Thursday, January 03, 2008

Am I Too Late To Jump This Bandwagon?

Oh, hell. I’ve been wrestling with this for weeks. Do I jump on the bandwagon? Or in a fit of protest over my individuality, do I abstain from boring my readers (all two of them) with my thoughts on the years “Best Of" whatever?

I know, full well, that I cannot compete with what I consider the master of all "Top Music" lists, so in the spirit of individuality, and well, mainly because I’m flat out of time and have to get some work done, the following are my Top Six Movies of 2007, Along With 4 Honorable Mentions And A Few Others I Could’ve Lived Without. The official term, I believe.

1. Ratatouille – Maybe I’m prejudicial. But it’s my damn blog, and I’ll rant if I want to. And in my opinion, Ratatouille was one of the sweetest, funniest, coolest films of the year, if not “the” one. The fact that it was all about the culinary arts had nothing to do with it, really, I swear.

This was however, for Pixar, on a plane above even my other favorite, Finding Nemo, which till now, really I had never thought they’d top. The plucky tale of a food-obsessed rat with the taste of Julia Child herself was refreshing and surprising. Chock full of both verbal and visual wit, genius comedic timing and enough j’ne sai quos to satisfy even the snootiest Francophile, Ratatouille was as thoroughly pleasing as a slab of St. Andre with apricot preserves, a baguette & a glass of Bordeaux on an autumn picnic. Not to mention that it contained what was probably the best performance of Peter O’Toole’s career (as Anton Ego, the critic from The Grim Eater).

Ratatouille faithfully carried out its thematic elements with a sensitivity and depth that belied its intent as a children’s movie. Touching on the pursuit of excellence over mediocrity and the unavoidability of family differences, it spoke to its audience with such personal insight, that anyone who’s ever felt like an outsider looking in could not help but be touched and moved to their very soul. I almost felt like I was Remy, the little blue rat with the oddly oversized nose and the annoyingly visceral family. Yet, it never gets so sappy that it forgets to infuse its audience with the joy of artistic creation and intuitive partnership that is the basis for the plotline between Remy & Linguine, his human counterpart.

Ratatouille is a kid’s movie that I would be happy to watch over & over again wit the niece & nephew were it not for the fact that at the end I’m always left with a nostalgic wistfulness for a trip to Paris and a hankering for some good Coq Au Vin. Like a perfect broth or stock, it is clearly a winner.

2. No Country For Old Men – the fact that this was a Cormac McCarthy novel scared me a bit at first, as I’m not exactly a fan. Only the uber-talented, creative genius’s, the Coen Bros could’ve done it justice however. And in a tale where justice is relative, it was done well my friend.

The screen seems to be painted with a stark gravity, a merciless sort of poverty really, in this tale of a movie. My only complaint might have been the vaporous ending, but really, McCarthy’s more to blame there, as Joel & Ethan Coen strayed not from his book or his dialogue, lending it breath and vision.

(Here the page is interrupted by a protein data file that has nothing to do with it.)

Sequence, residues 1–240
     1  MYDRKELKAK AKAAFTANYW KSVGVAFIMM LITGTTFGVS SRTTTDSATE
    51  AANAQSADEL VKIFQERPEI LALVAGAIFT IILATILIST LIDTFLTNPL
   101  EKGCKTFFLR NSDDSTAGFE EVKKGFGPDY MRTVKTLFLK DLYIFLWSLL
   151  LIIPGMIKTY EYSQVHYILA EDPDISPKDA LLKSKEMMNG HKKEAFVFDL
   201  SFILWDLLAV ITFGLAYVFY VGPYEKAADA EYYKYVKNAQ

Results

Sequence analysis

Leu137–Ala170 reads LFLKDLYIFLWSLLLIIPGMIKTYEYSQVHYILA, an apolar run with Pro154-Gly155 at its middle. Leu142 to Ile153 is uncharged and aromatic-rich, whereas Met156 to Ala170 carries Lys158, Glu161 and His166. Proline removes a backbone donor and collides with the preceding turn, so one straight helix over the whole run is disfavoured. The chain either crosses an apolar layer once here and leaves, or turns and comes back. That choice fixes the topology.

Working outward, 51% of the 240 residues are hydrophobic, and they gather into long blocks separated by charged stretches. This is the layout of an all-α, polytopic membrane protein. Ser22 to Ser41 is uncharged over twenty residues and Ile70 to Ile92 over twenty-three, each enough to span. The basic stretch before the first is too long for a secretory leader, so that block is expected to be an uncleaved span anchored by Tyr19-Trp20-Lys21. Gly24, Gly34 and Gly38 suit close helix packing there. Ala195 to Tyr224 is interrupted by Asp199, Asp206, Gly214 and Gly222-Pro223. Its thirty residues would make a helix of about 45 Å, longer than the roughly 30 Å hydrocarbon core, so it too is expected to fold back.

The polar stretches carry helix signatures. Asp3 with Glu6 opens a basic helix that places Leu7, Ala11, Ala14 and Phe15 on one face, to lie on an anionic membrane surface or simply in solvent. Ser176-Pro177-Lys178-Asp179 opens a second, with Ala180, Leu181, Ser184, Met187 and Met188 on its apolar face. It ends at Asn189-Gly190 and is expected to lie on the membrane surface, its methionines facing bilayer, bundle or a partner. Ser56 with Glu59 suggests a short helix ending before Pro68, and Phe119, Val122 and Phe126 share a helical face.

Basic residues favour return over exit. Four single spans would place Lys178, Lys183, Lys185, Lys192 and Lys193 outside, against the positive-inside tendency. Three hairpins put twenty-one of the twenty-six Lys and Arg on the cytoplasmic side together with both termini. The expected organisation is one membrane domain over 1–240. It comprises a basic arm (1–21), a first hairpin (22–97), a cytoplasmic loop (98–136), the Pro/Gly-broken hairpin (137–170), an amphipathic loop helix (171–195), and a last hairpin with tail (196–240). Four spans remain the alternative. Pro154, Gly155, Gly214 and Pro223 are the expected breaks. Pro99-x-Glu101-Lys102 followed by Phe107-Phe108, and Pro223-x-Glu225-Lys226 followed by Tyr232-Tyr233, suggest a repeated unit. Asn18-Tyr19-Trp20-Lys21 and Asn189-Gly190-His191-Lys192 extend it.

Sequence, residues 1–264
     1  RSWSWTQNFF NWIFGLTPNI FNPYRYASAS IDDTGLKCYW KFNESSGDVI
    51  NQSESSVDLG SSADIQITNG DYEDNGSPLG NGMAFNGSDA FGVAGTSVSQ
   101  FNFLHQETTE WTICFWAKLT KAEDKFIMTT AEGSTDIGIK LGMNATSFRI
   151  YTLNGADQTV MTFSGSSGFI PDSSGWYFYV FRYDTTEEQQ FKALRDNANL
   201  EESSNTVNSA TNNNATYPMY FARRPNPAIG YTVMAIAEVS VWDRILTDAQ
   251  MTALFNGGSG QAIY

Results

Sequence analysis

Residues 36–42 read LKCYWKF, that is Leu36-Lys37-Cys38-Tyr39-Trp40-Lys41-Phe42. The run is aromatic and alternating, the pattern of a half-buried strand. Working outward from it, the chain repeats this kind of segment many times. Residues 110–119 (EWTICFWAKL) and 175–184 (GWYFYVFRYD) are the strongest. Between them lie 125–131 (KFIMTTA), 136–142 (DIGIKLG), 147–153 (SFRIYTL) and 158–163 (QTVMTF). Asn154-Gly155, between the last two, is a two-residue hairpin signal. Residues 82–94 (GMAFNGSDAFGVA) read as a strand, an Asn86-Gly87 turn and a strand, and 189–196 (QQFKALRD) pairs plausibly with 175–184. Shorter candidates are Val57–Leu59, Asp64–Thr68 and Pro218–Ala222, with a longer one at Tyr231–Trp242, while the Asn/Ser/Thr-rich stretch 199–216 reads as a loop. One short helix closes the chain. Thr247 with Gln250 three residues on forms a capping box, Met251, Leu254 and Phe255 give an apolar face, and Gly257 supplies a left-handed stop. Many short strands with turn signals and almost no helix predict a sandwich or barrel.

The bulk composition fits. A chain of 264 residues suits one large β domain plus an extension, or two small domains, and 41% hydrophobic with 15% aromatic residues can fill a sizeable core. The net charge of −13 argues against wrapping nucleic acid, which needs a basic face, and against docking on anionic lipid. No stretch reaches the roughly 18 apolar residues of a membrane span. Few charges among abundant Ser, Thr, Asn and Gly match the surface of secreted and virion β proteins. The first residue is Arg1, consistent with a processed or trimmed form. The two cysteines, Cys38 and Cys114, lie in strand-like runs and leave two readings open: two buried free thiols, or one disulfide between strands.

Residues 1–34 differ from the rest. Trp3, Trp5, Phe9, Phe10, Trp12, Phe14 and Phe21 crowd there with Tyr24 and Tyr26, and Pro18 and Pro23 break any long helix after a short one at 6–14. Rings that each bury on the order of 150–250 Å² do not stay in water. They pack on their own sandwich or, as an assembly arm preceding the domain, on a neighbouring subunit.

Do I even need to comment on the chilly sort of fear that Javier Bardem imparts, in his bowl haircut, as the most relentless villain of the year? I've not been a big fan of his before, but after this role, even if he played Santa Claus dressed up as Jesus, he could not redeem himself & win my warm affection. Respect, certainly, affection, uh-uh.

3. Gone Baby Gone – To say that this movie was personal to me would be like saying that Ben Affleck loves Boston. And after seeing this movie, any spectator knows one thing for sure. Ben Affleck loves Boston. Hell, Ben Affleck is Boston (though probably one of their more good-looking representatives).

Gone Baby Gone is an adaptation of Dennis Lehane’s breakthrough novel, the first to introduce sleepy PI, Patrick Kenzie, and his razor-tongued assistant/sometimes girlfriend, Angie Gennaro. Years ago, this series was one of my obsessive favorites. Lehane painted the characters in this novel with such rich depth and color, that they seemed to jump off the page and right into my room. I could almost smell the Killians & cigarette smoke.

Therefore, the nervous pessimism that predisposed me to a negative opinion on Affleck’s direction, even before seeing the movie, was heavy (though not as heavy as the stories scenarios and themes). I mean, come on, I’m supposed to believe Daredevil was going to do this justice?

Yet, as the film starts, and the Boston landscape is portrayed in gritty realism, the camera scanning grafitti littered walls with tubby, pasty Bostonians lazily passing time in front of them, it becomes apparent that only someone with a true love for their native land could’ve nailed the accents, the scenery, the general slow summer vibe, the way Affleck did. And I’m still talking Ben here. We won’t even go near how truly affecting Casey Affleck’s performance was. The moral and ethical dilemma’s that his character wrestled with were played out with such moving subtlety and whispery perfection that you almost wanted to crawl through the screen and wrap your arms around him. If this brotherly team doesn’t see Oscar this year, I will be wicked pissed!